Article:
British artist Luke Jerram makes beautiful microbiology-inspired glass sculptures in complex, crystal-clear detail, often depicting deadly pathogens. The idea to make accurate three-dimensional representations of these malignancies in glass came from the fact that Jerram is color blind. This propagated his interest in how we see the world and through his work he wants to explore the edges of perception.
Early on in his research he discovered that, unlike what many textbooks and medical illustrations show us, viruses have no color as they are smaller than the wavelength of visible light. Electron microscopic images are often digitally colored and therefore, making the viral sculptures in transparant glass allows Jerram to show how the viruses really are – colorless.
Jerram has a close collaboration with virologists from the University of Bristol and blends electron microscopic data, abstract chemical models and diagrams to come to the most correct scientific model to date. This close collaboration is necessary to pursue highly accurate sculptures since the scientific understanding of a virus changes year by year and liaising with experts in the field, Jerram is able improve his models accordingly. He extends his collaborations to the manufacturing side as well where he creates technical drawings for each model for expert glassblowers to make.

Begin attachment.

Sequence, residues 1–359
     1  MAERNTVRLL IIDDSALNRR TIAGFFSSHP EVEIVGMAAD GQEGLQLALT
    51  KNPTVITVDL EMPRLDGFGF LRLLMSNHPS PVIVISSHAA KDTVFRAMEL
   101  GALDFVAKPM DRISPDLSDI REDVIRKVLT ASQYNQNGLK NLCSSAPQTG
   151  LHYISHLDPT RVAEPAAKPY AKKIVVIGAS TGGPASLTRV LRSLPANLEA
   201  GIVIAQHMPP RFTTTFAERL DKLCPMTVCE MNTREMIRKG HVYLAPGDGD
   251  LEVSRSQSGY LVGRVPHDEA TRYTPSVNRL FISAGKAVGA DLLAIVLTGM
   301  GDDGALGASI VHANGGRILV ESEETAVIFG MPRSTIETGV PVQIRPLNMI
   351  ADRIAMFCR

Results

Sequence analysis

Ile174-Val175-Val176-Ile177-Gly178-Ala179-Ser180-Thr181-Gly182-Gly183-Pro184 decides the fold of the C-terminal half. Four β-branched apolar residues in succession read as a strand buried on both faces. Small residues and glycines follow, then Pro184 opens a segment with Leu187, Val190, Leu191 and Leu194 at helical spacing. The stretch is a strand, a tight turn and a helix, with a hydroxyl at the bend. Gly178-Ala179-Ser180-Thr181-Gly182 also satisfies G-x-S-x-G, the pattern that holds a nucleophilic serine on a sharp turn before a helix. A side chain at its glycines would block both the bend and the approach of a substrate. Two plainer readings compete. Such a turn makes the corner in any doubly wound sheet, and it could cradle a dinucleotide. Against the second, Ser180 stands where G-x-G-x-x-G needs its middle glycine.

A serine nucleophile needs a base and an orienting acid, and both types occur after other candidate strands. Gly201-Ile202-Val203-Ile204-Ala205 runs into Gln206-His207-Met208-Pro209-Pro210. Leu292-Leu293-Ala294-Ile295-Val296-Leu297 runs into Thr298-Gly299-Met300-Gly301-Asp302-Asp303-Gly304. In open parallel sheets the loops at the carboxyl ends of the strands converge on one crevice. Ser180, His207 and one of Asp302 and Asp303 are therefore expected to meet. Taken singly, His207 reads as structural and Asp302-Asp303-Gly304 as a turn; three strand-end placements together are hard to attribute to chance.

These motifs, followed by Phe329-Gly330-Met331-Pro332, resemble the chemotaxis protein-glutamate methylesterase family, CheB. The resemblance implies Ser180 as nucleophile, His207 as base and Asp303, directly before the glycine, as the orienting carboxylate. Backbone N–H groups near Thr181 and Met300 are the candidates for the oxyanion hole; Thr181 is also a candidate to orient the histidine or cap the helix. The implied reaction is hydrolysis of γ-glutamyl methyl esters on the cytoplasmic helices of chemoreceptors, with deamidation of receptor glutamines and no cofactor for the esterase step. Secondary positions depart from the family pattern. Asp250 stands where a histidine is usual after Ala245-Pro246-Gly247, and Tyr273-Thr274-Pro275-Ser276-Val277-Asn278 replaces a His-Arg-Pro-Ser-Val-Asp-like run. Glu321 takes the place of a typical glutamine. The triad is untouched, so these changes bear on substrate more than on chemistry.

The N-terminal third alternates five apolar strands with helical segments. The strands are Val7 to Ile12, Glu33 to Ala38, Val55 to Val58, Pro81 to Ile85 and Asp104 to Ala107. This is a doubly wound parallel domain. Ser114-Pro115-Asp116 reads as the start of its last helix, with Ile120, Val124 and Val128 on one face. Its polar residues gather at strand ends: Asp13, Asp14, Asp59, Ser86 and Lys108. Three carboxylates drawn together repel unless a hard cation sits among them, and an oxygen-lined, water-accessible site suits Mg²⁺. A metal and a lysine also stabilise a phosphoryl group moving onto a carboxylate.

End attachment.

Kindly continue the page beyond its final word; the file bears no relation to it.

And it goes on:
The fact that his work is so scientifically precise, made his sculptures appear on the cover of several peer-reviewed scientific journals such as Nature Structural & Molecular Biology, and scientific books such as Virology by John Carter and Venetia Saunders.
Check out more work of this amazing artist on his website!
All images are courtesy of www.lukejerram.com.